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CO2 Laser for Sebaceous Nose?

Thank you for your reply about my sebaceous bulbous nose. Possibly Rhinophyma?

However, my nose is not distorted (yet); it only seems to have a growing bulb, which is extremely oily (within minutes of washing). Can this still be considered Rhinophyma? Could it be sebaceous hyperplasia or something else? Incidently, last year a plastic surgeon took approximately 2 minutes touching my nose and said the problem was not in my cartilage, but in the flesh. So, in lieu of the fact that the oil bothers be more than the size, is there anything that can solve both? Still wire loop cautery and CO2 laser?

Doctor Answers (2)

Successful treatment for Rhinophyma

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To better understand rhinophyma, it is important to first become familiar with rosacea. Rosacea is a chronic disease that affects the skin. Rosacea is characterized by redness, pimples, and, in advanced stages, thickened skin. When rosacea reaches this advanced stage, rhinophyma may develop. Rhinophyma is characterized by an enlarged, bulbous, and red nose resulting from the enlargement of the sebaceous (oil-producing) glands beneath the surface of the skin on the nose. Rhinophyma occurs more often in men than women. Treatment options for this advanced stage of rosacea include medications and surgery.

Rhinophyma that does not respond to medications may be treated with:

  • Electrosurgery
  • Laser treatment
  • Dermabrasion
  • Resculpturing

Lasers are used to remove the excess tissue that accumulates on the nose in patients with rhinophyma. The tissue can also be removed with a scalpel or a rapidly rotating wire brush known as dermabrasion. Although the nose will look red for a year or so following tissue removal, the nose will assume a normal skin color after about a year.  In my practice I often combine dermabrasion, excision AND Co2 Laser for the effective treatment of rhinophyma.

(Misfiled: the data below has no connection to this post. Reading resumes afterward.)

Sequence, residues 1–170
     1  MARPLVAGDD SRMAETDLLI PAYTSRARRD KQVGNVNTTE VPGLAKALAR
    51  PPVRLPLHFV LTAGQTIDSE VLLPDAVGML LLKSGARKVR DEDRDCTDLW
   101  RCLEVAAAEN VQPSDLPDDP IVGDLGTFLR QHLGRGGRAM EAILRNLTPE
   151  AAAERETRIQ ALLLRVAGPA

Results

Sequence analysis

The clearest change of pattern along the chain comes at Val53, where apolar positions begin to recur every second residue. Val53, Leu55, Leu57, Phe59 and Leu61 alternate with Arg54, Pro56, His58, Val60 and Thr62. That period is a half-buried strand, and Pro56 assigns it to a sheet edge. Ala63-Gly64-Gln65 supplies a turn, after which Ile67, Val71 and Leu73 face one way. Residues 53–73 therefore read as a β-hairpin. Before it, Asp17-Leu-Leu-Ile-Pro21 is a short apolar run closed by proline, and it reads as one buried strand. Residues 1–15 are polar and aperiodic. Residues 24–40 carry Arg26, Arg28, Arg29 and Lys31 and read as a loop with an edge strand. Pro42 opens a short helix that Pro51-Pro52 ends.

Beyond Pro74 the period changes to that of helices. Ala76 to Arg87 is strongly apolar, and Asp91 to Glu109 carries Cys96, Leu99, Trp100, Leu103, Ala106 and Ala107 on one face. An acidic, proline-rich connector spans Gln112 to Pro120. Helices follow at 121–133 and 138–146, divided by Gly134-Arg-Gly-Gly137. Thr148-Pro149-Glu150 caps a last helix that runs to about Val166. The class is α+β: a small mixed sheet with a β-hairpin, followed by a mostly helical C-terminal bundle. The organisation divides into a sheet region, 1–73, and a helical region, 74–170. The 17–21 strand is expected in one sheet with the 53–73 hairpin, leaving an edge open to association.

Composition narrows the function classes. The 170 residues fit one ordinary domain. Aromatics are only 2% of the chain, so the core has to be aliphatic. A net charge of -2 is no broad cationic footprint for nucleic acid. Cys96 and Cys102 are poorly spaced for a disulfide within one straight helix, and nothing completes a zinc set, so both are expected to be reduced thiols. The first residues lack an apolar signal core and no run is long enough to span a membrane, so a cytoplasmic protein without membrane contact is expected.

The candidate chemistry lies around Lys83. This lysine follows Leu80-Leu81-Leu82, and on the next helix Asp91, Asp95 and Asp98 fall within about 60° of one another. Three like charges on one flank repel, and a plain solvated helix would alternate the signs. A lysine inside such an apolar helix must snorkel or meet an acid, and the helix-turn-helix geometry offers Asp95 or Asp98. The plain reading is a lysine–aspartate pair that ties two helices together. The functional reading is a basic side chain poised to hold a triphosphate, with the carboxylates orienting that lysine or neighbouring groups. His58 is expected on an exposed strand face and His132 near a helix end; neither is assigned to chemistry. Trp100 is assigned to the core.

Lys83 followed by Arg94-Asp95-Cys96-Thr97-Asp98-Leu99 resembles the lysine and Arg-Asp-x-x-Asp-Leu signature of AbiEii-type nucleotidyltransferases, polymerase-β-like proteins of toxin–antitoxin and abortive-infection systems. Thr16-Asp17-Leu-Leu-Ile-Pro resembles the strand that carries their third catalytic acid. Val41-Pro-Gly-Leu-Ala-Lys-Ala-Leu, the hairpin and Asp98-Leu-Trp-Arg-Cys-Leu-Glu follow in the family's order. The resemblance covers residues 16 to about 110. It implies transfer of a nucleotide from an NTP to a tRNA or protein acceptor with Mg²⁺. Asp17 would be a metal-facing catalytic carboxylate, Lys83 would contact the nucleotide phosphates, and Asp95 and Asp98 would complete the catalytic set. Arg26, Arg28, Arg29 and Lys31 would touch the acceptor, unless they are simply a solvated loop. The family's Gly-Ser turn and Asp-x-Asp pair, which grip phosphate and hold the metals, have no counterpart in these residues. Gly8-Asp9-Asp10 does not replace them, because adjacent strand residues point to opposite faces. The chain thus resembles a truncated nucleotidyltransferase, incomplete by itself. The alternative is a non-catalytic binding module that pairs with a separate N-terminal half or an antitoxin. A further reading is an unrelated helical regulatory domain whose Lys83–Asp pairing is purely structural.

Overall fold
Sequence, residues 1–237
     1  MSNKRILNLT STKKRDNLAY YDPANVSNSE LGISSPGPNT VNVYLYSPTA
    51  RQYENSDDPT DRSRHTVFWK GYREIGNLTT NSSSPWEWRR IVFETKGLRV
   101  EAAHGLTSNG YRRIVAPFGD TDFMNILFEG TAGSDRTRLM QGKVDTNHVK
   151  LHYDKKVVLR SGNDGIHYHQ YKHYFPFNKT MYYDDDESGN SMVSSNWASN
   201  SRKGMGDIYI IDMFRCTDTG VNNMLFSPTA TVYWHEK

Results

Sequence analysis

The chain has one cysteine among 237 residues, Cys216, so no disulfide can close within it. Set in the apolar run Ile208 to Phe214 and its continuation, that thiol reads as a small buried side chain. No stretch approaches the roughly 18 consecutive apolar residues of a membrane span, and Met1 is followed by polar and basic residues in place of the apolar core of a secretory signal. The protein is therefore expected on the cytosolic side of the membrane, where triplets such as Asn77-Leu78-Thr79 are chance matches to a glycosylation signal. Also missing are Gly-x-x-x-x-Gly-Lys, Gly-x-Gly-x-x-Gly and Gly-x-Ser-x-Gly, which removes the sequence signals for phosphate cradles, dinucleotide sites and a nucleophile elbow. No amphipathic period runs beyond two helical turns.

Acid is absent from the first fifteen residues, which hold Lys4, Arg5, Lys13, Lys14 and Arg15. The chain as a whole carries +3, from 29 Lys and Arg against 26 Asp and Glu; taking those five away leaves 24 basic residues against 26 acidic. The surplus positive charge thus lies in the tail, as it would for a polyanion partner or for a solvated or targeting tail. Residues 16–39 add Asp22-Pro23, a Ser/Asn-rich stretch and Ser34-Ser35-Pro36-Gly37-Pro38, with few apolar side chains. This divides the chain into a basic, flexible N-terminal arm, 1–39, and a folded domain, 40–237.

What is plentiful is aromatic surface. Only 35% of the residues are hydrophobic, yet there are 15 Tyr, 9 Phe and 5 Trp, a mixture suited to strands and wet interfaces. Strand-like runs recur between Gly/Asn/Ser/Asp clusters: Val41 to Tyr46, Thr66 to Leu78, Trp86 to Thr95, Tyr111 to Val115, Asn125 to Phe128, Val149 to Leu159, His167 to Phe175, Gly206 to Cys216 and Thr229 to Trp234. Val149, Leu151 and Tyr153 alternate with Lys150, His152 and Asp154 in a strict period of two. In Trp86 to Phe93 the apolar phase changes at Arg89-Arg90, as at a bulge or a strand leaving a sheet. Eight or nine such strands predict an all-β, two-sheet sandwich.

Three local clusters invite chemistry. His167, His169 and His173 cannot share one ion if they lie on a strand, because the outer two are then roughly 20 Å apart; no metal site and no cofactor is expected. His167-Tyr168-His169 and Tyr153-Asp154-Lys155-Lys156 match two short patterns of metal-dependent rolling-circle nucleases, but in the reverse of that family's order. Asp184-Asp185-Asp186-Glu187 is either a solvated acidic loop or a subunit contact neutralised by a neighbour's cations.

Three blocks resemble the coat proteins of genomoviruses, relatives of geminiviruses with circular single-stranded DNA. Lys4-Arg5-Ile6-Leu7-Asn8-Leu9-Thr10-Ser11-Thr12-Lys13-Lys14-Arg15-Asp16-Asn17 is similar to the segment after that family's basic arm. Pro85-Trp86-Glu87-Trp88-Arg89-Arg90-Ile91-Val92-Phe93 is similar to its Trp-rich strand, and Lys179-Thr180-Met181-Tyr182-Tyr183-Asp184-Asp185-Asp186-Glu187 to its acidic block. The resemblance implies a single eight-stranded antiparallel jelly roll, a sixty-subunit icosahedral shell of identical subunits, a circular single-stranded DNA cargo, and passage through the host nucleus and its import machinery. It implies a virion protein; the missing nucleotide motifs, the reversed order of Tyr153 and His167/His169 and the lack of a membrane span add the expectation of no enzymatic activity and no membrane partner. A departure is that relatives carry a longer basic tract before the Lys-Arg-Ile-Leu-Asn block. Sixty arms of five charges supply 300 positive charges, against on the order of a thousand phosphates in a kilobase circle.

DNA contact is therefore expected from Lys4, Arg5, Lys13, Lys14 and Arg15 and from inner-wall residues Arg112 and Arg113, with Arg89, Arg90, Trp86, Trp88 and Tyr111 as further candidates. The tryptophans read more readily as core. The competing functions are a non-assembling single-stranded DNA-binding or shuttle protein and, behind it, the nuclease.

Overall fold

Melbourne Facial Plastic Surgeon
4.5 out of 5 stars 33 reviews

If not Rhinophyma, several options including Accutane

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Sebaceoius hyperplasia can be treated with the medication Accutane which inhibits the production of oil and the growth of sebaceous glands. If the problem is far advanced CO2 laser alone might also help.

Loop cautery is only required for Rhinophyma.

I recommend that you consult a board certified dermatologist who is very experienced treating acne, as he/she will be familiar with Accutane use.

Brooke R. Seckel, MD, FACS
Boston Plastic Surgeon
4.5 out of 5 stars 29 reviews

These answers are for educational purposes and should not be relied upon as a substitute for medical advice you may receive from your physician. If you have a medical emergency, please call 911. These answers do not constitute or initiate a patient/doctor relationship.